BGI uses 5 mL of whole blood sample, which is comparably a small amount of blood, for analysis as early as 10 weeks’ gestation [5]. Results are available within 10 working days and NIFTY™ detects trisomies 13, 18, and 21 as well as sex chromosomal aneuploidies and deletions (cri du chat syndrome, 1p36, 2q33.1) [2]. Thirty-six cycles of single end sequencing was performed using Hiseq 2000. BGI insists that the coefficient of variation for the standard z-score approach is larger than that of other approaches, especially for chromosomes 13 and 18. Therefore, they introduced a GC correlation and developed a binary hypothesis strategy to achieve a higher sensitivity and specificity [16]. A GC correlation t-test and logarithmic likelihood ratio (L-score) between two t-tests, based on null/alternative hypotheses, was used to detect fetal trisomies 13, 18, and 21 [5]. If the t-score was <2.5 and the L-score <1, the sample was reported as negative, and if the t-score was >2.5, the sample was reported as positive with additional L-score information (L-score <1 [warning zone] and L-score >1 [high risk zone]) [6]. For detection of sex chromosomal aneuploidies, BGI initially performed fetal gender identification using an experimental threshold and logistic regression. A t-test was then conducted if the fetus is female [16]. For a male fetus, a t-score was calculated to detect XXY and XYY, then fetal fractions were estimated by chromosome X and Y, respectively. For an XXY sample, the fetal fraction estimated by chromosome X was nearly zero and for XYY sample, the R-value (ratio of the fetal fraction estimated by chromosome Y to that estimated by chromosome X) was nearly two [16]. Fetal fraction was estimated, based on parent-specific homozygous single nucleotide polymorphism for discrepant results [17]. The minimum requirement for the fetal fraction was >3.5% and post-sequencing quality control criteria required a minimal amount of unique sequencing reads of 2 million after alignment, which corresponded to about 5 million raw sequencing reads [5].

3. Illumina: Verifi?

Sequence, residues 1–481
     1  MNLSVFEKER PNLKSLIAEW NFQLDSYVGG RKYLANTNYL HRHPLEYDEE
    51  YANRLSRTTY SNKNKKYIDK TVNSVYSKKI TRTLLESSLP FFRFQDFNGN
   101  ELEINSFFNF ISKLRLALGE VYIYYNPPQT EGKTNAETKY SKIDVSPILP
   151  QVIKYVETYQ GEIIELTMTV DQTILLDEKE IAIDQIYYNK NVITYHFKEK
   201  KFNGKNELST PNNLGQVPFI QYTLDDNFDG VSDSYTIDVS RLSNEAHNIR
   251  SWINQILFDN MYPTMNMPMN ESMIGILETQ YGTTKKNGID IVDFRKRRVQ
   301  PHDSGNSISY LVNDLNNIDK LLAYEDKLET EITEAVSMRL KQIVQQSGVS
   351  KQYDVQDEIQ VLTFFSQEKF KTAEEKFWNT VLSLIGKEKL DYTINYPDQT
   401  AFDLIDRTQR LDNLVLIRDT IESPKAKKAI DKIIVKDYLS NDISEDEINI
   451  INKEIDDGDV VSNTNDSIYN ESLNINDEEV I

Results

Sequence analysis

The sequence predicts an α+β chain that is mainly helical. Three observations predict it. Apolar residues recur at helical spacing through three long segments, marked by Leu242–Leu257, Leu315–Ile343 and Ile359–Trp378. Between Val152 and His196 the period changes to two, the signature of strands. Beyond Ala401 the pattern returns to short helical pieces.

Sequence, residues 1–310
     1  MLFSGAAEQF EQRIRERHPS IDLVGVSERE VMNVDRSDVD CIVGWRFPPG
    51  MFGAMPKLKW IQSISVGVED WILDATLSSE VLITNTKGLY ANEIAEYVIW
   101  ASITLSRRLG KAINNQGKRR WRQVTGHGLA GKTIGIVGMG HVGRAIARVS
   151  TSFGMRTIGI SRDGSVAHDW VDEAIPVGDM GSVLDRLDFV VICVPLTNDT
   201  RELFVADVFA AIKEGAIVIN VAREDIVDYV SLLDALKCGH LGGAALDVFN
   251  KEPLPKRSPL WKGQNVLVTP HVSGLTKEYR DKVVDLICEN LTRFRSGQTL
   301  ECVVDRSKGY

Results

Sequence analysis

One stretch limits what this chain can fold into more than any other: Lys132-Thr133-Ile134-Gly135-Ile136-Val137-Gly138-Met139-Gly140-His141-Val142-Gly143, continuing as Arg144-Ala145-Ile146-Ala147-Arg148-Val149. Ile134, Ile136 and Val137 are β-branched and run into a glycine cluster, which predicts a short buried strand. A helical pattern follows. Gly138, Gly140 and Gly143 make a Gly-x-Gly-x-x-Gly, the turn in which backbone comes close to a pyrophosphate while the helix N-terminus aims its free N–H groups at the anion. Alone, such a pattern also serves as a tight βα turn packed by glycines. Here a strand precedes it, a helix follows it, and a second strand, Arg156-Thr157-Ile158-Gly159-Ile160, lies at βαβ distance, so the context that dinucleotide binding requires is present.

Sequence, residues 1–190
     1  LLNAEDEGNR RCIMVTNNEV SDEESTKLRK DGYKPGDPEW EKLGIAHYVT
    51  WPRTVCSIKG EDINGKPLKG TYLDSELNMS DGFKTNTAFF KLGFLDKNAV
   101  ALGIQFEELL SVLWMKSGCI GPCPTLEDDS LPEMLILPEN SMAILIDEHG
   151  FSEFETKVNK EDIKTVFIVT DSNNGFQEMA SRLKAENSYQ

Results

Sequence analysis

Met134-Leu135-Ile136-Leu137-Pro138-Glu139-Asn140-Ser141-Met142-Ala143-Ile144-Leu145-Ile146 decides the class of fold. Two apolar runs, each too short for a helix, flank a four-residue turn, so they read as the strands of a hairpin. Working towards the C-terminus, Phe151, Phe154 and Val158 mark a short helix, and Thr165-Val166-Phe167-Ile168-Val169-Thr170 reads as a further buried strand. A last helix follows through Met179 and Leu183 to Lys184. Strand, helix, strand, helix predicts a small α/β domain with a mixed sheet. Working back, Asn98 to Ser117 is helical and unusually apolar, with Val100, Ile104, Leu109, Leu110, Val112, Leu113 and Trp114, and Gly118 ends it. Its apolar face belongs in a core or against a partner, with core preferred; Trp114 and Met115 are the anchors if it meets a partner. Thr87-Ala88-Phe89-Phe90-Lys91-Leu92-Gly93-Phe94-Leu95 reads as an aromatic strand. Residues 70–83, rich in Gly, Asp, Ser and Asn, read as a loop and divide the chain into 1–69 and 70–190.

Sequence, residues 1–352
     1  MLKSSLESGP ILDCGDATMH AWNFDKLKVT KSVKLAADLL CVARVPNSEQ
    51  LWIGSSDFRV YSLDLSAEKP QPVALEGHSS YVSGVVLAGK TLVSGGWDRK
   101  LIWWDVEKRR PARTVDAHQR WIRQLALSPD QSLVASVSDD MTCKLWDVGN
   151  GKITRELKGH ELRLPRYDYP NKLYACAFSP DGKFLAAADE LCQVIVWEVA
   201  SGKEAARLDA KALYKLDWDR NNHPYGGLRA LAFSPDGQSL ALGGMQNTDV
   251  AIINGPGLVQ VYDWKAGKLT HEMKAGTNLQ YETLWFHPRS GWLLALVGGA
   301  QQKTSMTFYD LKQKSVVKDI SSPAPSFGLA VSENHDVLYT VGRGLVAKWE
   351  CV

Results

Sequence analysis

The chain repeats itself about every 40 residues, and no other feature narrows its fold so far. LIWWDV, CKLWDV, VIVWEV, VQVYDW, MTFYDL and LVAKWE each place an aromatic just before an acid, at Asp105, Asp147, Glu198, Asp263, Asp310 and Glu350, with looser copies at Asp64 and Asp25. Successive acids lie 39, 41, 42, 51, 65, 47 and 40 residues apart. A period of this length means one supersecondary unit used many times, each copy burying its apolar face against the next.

Illumina requires 7-10 mL of whole blood with an average turnaround time of 5.1 business days after receipt of the sample [18]. The basic Verifi? test screens for trisomies 13, 18, and 21 as well as the sex chromosome test option for monosomy X. Optional tests for microdeletions and other aneuploidies are also available. Plasma DNA is extracted using the QIAamp DNA Blood Mini Kit (Qiagen) and sequencing libraries are prepared using the Illumina TruSeq kit v2.5. Sequencing is performed on an Illumina HiSeq 2000 instrument and single-end reads of 36 base pairs are obtained [8]. The Verifi? test introduces the normalized chromosome value (NCV) algorithm to minimize the variations in and between sequencing runs. Unique reads are mapped and counted for calculation of the NCV in which denominators are cumulative counts on predetermined sets of optimal chromosomes that minimize the variation by calculating all possible permutations of denominators for all autosomes and sex chromosomes [19]. If the NCV of specific chromosomes is more than 4, the sample is regarded as aneuploid for that chromosome. For detection of sex chromosome aneuploidies, normalized chromosome values for both X and Y is analyzed. If the sample is classified as female and euploid, the presence of fetal DNA is tested using the AmpflSTR Minifiler kit (Life technologies, Carlsbad, CA, USA) to find the minor peaks that represent fetal DNA. In the case of no minor peaks, a 15 single nucleotide polymorphisms panel is used [8].